3. You are obliged by law to disclose results when applying for life insurance

You’re protected from discrimination from private health insurance companies, but the same doesn’t go for life insurance. They usually won’t require you to take a genetic testing service, but you are required by law to disclose information that may impact your insurability. So if you get a genetic test, you are obliged to make those results available when making an application for life insurance, and it could affect your premiums, or, worse, decide not to insure you at all.

4. It’s a huge hassle to provide and send off your sample

They’ll send you a fiddly-looking tube to spit in, along with lots of instructions and paperwork. In my case, I had to fill out six forms and borrow a car so I could drop it off at a DHL depot in Mascot. They initially had no idea who should be handling my package and eventually sent me over to the headquarters near Sydney airport. Good luck getting there easily via public transport. That’s a lot more time and petrol right there than it’s probably worth.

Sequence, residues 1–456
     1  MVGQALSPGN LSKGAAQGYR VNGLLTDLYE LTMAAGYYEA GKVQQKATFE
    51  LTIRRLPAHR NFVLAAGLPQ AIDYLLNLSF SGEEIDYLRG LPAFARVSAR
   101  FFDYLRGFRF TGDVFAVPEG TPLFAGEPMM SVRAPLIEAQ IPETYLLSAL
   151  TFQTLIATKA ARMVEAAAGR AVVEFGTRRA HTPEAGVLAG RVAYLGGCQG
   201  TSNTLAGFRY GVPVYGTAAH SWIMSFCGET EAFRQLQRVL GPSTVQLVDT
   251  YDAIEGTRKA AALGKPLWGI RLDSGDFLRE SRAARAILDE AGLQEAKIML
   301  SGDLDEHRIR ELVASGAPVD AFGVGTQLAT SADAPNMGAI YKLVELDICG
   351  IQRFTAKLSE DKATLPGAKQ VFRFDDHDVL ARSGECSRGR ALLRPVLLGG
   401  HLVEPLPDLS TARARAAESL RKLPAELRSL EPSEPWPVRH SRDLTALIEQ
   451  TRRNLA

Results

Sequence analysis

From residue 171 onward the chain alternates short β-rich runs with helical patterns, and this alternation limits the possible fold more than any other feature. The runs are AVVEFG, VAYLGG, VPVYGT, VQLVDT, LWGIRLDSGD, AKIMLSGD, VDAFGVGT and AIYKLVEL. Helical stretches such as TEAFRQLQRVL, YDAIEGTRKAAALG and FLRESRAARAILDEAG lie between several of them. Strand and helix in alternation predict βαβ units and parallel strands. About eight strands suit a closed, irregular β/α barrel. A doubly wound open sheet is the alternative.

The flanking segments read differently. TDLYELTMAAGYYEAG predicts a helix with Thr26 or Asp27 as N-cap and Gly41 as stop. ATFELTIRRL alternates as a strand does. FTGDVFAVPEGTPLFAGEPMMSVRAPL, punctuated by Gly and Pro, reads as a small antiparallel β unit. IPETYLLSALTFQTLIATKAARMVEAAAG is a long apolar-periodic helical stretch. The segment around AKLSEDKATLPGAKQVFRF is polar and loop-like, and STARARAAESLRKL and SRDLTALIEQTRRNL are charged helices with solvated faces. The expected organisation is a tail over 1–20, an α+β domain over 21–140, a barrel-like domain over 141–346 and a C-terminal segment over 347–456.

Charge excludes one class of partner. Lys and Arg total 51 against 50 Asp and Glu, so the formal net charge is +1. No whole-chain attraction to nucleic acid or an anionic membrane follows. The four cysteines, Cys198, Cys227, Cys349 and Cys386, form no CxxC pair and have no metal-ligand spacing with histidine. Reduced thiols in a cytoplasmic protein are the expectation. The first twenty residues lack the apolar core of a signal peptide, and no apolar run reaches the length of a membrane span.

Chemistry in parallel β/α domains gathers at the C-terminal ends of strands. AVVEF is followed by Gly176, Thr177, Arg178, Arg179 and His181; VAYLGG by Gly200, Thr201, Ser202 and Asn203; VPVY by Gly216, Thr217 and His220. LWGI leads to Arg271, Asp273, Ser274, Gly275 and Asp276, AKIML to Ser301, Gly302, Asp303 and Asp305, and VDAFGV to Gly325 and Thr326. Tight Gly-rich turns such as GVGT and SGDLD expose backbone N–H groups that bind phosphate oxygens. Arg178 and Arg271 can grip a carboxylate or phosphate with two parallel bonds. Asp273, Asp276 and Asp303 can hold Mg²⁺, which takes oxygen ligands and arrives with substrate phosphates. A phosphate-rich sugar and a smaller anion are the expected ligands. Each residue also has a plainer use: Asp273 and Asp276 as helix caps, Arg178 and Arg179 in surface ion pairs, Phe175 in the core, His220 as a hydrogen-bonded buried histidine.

5. Do you really want to worry about something that may or may not happen to you?

Genetic testing services are as vague about their purpose as they are complicated with their process. They claim to give you insight into your risk factors for diseases, but at the end of the day, a genetic predisposition doesn’t necessarily mean your fate has been decided. For many diseases, environmental factors play a bigger part than heritability, and seeing that you’re a tiny fraction of a percentage more likely than the average person to suffer from X will stress you out unnecessarily.

If you disagree or have any arguments to add, feel free to speak up in the comments.


  • Number 5 should be number 1. There’s one thing certain in this life, why worry about what you can’t change?

    No matter what you say, knowledge of a genetic condition can’t have a positive impact on your life.